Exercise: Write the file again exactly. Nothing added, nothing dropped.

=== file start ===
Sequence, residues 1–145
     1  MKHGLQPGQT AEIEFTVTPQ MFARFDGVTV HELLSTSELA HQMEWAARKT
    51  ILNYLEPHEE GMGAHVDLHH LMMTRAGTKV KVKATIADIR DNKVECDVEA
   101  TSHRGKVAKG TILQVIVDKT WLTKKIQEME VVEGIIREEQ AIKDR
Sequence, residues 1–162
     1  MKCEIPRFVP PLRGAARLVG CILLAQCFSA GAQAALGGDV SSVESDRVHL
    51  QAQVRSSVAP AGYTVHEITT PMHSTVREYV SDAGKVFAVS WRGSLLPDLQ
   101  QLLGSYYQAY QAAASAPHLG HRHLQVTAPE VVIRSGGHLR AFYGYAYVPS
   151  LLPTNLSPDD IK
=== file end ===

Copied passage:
Sequence, residues 1–145
     1  MKHGLQPGQT AEIEFTVTPQ MFARFDGVTV HELLSTSELA HQMEWAARKT
    51  ILNYLEPHEE GMGAHVDLHH LMMTRAGTKV KVKATIADIR DNKVECDVEA
   101  TSHRGKVAKG TILQVIVDKT WLTKKIQEME VVEGIIREEQ AIKDR
Sequence, residues 1–162
     1  MKCEIPRFVP PLRGAARLVG CILLAQCFSA GAQAALGGDV SSVESDRVHL
    51  QAQVRSSVAP AGYTVHEITT PMHSTVREYV SDAGKVFAVS WRGSLLPDLQ
   101  QLLGSYYQAY QAAASAPHLG HRHLQVTAPE VVIRSGGHLR AFYGYAYVPS
   151  LLPTNLSPDD IK